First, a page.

Tuesday was supposed to be a day of triumph for Russian diplomacy, when Russia aimed to replace the United States as the indispensable power in the Middle East. Instead, it became a day of mourning, with a Turkish honor guard in Ankara loading the flag-draped coffin of Russian Ambassador Andrei Karlov onto a Moscow-bound plane.
Karlov, who was assassinated in an Ankara art gallery Monday evening, had been given the delicate mission of patching up relations after Turkey shot down a Russian warplane last year. On Tuesday, Karlov's efforts were to be crowned by a meeting in Moscow of the foreign and defense ministers of Russia, Turkey and Iran — and the rise of a new power constellation in the Middle East.
Those talks went ahead despite his death. Afterward, Russian Foreign Minister Sergey Lavrov declared the three-country format "the most effective" in resolving the Syrian conflict, since his talks with U.S. Secretary of State John Kerry had run aground. Last week, the U.S. ambassador to the United Nations, Samantha Power, accused Russia and Iran of bearing responsibility for "atrocities" committed during the Syrian government's assault on the city of Aleppo.
With a lame-duck administration in the White House for the next month, Russia is using territorial gains in Syria to seize the diplomatic initiative as well. Because the Syrian government's retaking of Aleppo has happened so fast, Lavrov agreed to move up the Moscow meeting with his Turkish and Iranian colleagues by a week.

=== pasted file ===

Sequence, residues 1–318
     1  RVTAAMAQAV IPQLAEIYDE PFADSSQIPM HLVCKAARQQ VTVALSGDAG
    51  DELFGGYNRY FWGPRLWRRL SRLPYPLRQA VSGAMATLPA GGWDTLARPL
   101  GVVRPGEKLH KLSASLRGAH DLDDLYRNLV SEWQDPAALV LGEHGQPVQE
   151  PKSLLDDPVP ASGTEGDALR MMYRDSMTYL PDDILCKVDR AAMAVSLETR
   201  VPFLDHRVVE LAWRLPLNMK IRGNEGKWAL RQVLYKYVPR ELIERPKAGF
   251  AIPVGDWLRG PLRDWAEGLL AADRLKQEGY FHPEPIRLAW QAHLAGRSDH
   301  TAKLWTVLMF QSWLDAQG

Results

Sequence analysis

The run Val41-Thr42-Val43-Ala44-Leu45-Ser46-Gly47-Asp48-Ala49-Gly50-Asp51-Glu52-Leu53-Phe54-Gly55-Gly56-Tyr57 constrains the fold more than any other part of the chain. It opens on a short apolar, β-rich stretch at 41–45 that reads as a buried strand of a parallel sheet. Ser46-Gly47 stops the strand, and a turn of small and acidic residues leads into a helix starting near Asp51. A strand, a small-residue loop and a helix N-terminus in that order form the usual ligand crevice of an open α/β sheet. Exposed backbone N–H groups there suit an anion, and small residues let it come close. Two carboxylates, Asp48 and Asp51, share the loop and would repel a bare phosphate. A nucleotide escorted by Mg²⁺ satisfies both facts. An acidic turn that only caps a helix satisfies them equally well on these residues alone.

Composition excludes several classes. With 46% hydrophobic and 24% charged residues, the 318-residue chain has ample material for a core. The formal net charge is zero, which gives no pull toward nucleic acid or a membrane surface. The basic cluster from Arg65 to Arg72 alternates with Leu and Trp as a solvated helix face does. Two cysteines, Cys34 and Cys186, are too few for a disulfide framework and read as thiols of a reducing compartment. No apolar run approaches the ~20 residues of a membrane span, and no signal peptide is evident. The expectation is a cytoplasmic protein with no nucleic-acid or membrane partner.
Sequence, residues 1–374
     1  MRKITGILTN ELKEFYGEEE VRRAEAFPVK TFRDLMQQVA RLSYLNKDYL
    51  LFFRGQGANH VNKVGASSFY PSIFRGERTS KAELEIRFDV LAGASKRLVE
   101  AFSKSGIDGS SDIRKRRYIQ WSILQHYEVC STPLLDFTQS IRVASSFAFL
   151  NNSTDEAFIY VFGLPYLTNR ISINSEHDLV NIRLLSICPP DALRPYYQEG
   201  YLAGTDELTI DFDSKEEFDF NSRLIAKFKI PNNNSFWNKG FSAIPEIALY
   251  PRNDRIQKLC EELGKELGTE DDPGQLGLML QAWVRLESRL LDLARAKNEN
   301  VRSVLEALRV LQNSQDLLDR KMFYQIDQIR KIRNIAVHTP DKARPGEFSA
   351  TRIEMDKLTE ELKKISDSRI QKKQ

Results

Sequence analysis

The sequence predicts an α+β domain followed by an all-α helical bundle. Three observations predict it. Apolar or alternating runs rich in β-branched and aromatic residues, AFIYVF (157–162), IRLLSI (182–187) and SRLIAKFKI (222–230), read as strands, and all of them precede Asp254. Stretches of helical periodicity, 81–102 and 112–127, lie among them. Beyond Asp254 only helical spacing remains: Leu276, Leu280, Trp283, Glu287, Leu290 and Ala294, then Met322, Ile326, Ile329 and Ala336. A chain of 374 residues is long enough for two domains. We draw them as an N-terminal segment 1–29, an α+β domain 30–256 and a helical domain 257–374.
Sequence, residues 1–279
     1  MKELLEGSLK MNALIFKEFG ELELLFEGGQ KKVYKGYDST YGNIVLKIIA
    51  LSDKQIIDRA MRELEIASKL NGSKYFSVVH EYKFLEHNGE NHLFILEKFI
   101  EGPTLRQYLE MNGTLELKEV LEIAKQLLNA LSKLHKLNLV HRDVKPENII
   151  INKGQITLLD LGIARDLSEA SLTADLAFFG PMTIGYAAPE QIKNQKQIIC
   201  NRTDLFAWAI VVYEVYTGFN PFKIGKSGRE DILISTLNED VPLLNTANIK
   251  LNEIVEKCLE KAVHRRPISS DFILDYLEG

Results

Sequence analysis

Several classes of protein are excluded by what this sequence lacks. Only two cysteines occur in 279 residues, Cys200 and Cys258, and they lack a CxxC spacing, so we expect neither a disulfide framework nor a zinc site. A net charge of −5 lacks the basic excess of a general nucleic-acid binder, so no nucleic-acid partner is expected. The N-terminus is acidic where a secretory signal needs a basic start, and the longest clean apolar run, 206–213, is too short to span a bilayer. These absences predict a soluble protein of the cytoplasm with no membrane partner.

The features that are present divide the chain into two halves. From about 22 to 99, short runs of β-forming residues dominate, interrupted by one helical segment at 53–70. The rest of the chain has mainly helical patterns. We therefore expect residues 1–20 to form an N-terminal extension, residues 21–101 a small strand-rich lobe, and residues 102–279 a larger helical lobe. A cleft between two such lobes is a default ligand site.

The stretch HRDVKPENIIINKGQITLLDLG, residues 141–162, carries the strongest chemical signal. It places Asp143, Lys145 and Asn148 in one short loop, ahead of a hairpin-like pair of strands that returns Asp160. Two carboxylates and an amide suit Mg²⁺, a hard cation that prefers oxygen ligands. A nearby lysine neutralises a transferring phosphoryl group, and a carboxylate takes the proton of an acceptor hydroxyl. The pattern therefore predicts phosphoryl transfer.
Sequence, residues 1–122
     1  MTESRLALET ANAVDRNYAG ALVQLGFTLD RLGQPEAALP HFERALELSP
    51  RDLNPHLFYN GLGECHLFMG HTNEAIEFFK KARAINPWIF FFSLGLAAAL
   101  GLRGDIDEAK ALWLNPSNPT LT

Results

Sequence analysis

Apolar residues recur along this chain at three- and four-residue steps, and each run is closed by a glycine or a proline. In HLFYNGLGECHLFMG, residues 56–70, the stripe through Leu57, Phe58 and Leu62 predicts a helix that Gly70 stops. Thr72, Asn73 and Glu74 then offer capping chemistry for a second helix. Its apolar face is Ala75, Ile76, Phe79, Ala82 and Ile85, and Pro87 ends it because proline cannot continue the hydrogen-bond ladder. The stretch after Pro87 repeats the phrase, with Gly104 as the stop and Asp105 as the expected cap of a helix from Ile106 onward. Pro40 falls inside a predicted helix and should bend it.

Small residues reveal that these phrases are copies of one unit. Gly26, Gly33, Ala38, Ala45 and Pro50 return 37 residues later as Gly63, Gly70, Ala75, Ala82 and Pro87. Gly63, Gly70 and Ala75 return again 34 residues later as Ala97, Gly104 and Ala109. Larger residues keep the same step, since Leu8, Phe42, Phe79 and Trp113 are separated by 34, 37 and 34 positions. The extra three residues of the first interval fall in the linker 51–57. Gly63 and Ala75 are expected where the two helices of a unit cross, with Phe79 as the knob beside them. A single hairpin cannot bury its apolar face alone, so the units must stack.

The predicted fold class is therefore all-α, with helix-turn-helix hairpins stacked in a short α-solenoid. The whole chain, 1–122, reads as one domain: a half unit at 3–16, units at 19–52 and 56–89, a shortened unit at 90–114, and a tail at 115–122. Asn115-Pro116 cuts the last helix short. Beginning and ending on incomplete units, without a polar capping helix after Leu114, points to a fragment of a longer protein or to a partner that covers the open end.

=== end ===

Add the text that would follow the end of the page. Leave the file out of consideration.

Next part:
That's why the reaction to Karlov's murder — by an off-duty Turkish policeman who shouted about avenging the carnage in Aleppo before being shot to death himself — was practically unanimous in Moscow. The official line from Russian President Vladimir Putin on down was that the assassination in Ankara was a "provocation" meant to derail the talks.
When Turkey shot down a Russian Su-24 warplane along the Turkey-Syria border in November 2015, Putin's response was fast and furious. Diplomatic and economic relations were put on hold until last summer, when Turkish President Recep Tayyip Erdogan finally issued an apology.
On Monday, the blame in Moscow for the ambassador's killing was assigned to unnamed forces that are opposed to Russia and Turkey's rapprochement. Putin talked on the phone with Erdogan, who agreed to let in a team of Russian investigators.
Putin needs Erdogan, and Erdogan needs Putin. The two leaders are facing isolation from traditional partners because of their policies against domestic opponents and militant nostalgia for bygone empires. What to do about Syria — once a bone of contention between Russia and Turkey — has become an opportunity for both countries to act as power brokers in a global crisis.
The importance of that relationship is clear from the number of contacts the two countries have had since Erdogan's conciliatory visit to Russia back in August. In the space of the past month, Putin has been on the phone with Erdogan half a dozen times, and the Turkish leader is expected to travel to Russia again in January.
Just a little more than a year ago, Putin was accusing Erdogan of "a stab in the back" and estimated ISIS oil sales via Turkey in the hundreds of millions — if not billions — of dollars.
Now, responsibility for Karlov's assassination is being attributed to powers farther afield.
"Murder of our ambassador is continuation of information war against Russia. Media hysteria created conditions for it. Info attacks lead to terrorist attacks," Russian senator Alexei Pushkov tweeted on Tuesday.
Russian nationalist politician Vladimir Zhirinovsky, who happens to hold a degree in Turkish studies, didn't shy away from blaming the West directly.
"Turkey is turning away from the West. That's disadvantageous for certain Western intelligence agencies," Zhirinovsky said on state television Monday night.
The European Union and NATO are afraid that Russia will join forces with Iran and Turkey, he said, presenting the West with a formidable counterweight. So far, Karlov's efforts to that end have not been in vain.